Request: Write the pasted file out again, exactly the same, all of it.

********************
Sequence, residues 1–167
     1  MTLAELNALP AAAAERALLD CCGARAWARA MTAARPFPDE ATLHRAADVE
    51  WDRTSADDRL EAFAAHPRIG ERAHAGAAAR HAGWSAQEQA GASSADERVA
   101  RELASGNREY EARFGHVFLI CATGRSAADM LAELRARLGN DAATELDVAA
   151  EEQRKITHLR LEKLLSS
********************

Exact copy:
Sequence, residues 1–167
     1  MTLAELNALP AAAAERALLD CCGARAWARA MTAARPFPDE ATLHRAADVE
    51  WDRTSADDRL EAFAAHPRIG ERAHAGAAAR HAGWSAQEQA GASSADERVA
   101  RELASGNREY EARFGHVFLI CATGRSAADM LAELRARLGN DAATELDVAA
   151  EEQRKITHLR LEKLLSS